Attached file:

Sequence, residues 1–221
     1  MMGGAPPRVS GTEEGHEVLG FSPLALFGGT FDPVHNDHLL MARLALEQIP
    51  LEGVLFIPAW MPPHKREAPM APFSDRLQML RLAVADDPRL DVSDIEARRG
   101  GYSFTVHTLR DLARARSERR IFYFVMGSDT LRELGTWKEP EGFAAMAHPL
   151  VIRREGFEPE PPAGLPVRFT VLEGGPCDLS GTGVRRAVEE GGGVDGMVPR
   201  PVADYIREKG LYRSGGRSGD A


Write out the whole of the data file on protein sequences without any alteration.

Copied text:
Sequence, residues 1–221
     1  MMGGAPPRVS GTEEGHEVLG FSPLALFGGT FDPVHNDHLL MARLALEQIP
    51  LEGVLFIPAW MPPHKREAPM APFSDRLQML RLAVADDPRL DVSDIEARRG
   101  GYSFTVHTLR DLARARSERR IFYFVMGSDT LRELGTWKEP EGFAAMAHPL
   151  VIRREGFEPE PPAGLPVRFT VLEGGPCDLS GTGVRRAVEE GGGVDGMVPR
   201  PVADYIREKG LYRSGGRSGD A